Part II – Required Disclosures for Quid Pro Quo
Galas, auctions, golf tournaments and fitness events are all great ways for charities to raise awareness of the organization’s mission as well as raise substantial contributions. One thing these fundraising events all have in common is they involve giving donors something for their “donation.” Charities provide donors with something of value in exchange for a donation to attend or participate in the fundraising event. These are called “quid pro quo” transactions and in most cases require additional disclosures by the charity to the donors. For example, at a charity auction, a donor might receive a meal in exchange for purchasing an event ticket, or as part of a capital campaign, a donor might receive a logo mug for a donation. When a donor makes a donation of more than $75 and receives something of value in exchange, the charity is required to provide written disclosure to the donor of the value of the quid pro quo provided to the donor. If the charity fails to do so, it may be subject to a penalty.
The written disclosure statement to the donor must:
- Provide the donor with an estimated value of the goods or services received in exchange for the donation, and
- Inform the donor that the charitable deduction for income tax purposes is limited to the excess amount given – total amount contributed to the charity less the value of goods or services received by the donor.
Including the value of quid pro quo amounts on donor receipts is required by law. A charity that does not issue this required donor disclosure may be subject to a penalty of $10 per donation, not to exceed $5,000 per fundraising event or mailing. If a charity can demonstrate reasonable cause for failing to do so, the penalties may be waived. As discussed in Part I of this series, donors are required to obtain contemporaneous documentation of contributions to substantiate a charitable deduction. Therefore, what may be the far more damaging penalty is the damage to a charity’s reputation from failing to provide a donor with a proper donor acknowledgment. Many charities make it a best practice to issue charitable receipts for all donations, regardless of the amount involved.
In the case of a charity auction where an individual purchases a ticket for $100 and receives a meal valued at $45, the charity should disclose the value of the meal in writing to the individual. The amount a donor may claim as a charitable deduction on an income tax return is $55 (the difference between the $100 ticket price and the value of the goods/services the donor has a right to receive in conjunction with the donation). A great way to raise additional contributions from donors who are not able to attend the function is to provide a separate option stating: “I will not be able to attend but would like to make a fully deductible contribution of $___________ .” Because the individual indicated he would not be attending the event and therefore has no right or expectation of receiving any goods or services in exchange for the contribution, the full amount of the contribution is deductible to the individual.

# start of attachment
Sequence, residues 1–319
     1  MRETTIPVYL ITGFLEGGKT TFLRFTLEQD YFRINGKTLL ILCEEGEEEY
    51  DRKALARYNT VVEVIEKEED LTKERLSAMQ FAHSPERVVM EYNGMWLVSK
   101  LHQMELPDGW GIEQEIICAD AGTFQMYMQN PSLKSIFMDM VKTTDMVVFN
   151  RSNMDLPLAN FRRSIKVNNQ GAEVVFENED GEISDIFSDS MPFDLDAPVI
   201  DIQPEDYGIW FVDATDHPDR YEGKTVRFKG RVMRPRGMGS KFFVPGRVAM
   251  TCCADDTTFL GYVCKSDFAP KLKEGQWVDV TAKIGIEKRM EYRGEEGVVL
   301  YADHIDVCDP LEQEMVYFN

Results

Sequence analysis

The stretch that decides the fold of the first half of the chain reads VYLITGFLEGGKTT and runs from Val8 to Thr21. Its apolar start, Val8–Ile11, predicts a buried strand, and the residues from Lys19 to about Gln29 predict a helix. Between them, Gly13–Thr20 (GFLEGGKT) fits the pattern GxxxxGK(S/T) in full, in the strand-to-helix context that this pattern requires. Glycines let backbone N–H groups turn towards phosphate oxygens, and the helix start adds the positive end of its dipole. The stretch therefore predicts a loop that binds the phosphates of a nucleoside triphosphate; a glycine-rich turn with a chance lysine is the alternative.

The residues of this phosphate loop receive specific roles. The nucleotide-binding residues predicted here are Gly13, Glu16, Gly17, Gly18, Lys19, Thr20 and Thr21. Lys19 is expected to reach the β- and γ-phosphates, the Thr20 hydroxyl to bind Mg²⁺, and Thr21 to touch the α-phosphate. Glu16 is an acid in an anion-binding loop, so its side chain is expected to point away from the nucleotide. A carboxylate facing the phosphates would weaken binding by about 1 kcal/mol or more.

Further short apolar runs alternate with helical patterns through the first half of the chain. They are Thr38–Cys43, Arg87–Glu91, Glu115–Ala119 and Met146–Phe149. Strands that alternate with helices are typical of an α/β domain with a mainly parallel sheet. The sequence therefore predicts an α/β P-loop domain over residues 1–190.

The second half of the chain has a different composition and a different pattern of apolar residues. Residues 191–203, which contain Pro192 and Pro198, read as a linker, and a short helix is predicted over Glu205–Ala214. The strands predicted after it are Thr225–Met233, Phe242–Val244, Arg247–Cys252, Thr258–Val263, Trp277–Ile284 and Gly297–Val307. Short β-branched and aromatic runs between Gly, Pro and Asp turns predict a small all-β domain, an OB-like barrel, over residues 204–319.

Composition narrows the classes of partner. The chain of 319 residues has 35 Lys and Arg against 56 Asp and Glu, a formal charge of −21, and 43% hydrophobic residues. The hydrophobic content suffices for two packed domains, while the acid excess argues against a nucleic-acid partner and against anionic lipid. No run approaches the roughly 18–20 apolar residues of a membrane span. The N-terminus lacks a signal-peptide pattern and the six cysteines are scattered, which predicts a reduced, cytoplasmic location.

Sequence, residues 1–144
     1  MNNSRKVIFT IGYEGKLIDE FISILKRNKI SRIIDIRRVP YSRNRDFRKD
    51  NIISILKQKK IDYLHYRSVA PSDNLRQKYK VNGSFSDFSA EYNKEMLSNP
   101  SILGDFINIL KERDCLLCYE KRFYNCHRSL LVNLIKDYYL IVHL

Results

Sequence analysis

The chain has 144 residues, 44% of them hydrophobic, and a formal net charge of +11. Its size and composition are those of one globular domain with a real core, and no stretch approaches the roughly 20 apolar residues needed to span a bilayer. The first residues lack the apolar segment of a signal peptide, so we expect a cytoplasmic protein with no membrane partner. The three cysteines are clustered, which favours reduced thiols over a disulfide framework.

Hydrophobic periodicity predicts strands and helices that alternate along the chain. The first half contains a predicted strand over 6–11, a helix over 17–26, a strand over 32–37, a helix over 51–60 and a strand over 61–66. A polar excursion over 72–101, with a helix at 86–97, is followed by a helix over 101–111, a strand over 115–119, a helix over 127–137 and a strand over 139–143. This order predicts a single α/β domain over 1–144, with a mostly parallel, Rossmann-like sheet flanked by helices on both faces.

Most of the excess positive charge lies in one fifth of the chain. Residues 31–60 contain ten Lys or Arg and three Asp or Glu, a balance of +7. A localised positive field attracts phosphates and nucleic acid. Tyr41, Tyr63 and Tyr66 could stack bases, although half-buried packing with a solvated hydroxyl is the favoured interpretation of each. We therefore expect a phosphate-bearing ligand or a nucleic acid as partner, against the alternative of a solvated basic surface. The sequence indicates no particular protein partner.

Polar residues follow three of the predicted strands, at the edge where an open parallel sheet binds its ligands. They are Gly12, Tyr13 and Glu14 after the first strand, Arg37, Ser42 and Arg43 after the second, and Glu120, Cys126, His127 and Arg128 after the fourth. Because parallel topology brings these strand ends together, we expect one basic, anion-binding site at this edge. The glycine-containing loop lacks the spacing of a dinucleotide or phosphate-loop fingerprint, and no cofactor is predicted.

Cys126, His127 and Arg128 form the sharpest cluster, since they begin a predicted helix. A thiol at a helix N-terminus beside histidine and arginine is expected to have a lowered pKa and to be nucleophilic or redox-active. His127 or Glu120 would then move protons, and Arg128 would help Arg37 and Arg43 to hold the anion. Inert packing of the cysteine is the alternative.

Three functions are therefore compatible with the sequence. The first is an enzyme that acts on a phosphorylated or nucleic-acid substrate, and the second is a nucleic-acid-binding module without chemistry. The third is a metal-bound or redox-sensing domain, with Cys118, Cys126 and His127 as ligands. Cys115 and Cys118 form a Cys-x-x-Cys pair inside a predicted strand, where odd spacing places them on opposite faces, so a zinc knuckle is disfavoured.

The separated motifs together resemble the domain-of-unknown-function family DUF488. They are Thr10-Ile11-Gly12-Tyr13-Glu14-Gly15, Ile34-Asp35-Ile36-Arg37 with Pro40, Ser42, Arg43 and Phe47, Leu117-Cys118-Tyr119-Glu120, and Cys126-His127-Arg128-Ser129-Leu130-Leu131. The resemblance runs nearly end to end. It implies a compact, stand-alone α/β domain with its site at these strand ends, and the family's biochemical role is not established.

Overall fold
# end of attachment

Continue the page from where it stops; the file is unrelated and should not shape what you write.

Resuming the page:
This disclosure to the donor can be made in a variety of forms. It can be included with the donation receipt the individual receives after the fundraising event. It can also be made at the time the individual purchases a ticket to the event and included on the individual’s receipt for the ticket. So long as the invitation has all of the information required in a donor acknowledgement as detailed in Part I of this series, as well as the quid pro quo amount, the donor may use the invitation along with proof of payment as a substantiation of a donation. Paper or electronic means are all acceptable methods for providing disclosure.
In addition to providing a value for meals at fundraising events, charities should not forget to assign value to auction items sold at their fundraisers. Many of these auction items sell for over $75 and do not fall into the exceptions identified below. While charities should not provide a value to the donor who contributes the auction item to the charity initially, charities should provide a value when the auction item is purchased at the event. Providing a good faith estimate of the value is required so the purchaser can properly compute the charitable contribution deduction allowed. Although auction books may list various items as “priceless,” a reasonable value should still be assigned to the item.
Certain benefits provided to a donor in exchange for a donation may be considered insubstantial and therefore excluded from the quid pro quo disclosure requirements. The first such benefit, the “Token Exception,” applies when a charity provides goods or services that are insubstantial and made in the context of a fundraising campaign. In this case, the quid pro quo goods or services are disregarded and the entire value of the donation is deductible if one of the following criteria is met:
- The fair market value of the goods or services received does not exceed the lesser of 2% of the donation or $97.
- The donation received is at least $48.50, the goods or services provided to the donor cost the charity $9.70 or less, and the items have the name or logo of the charity on them.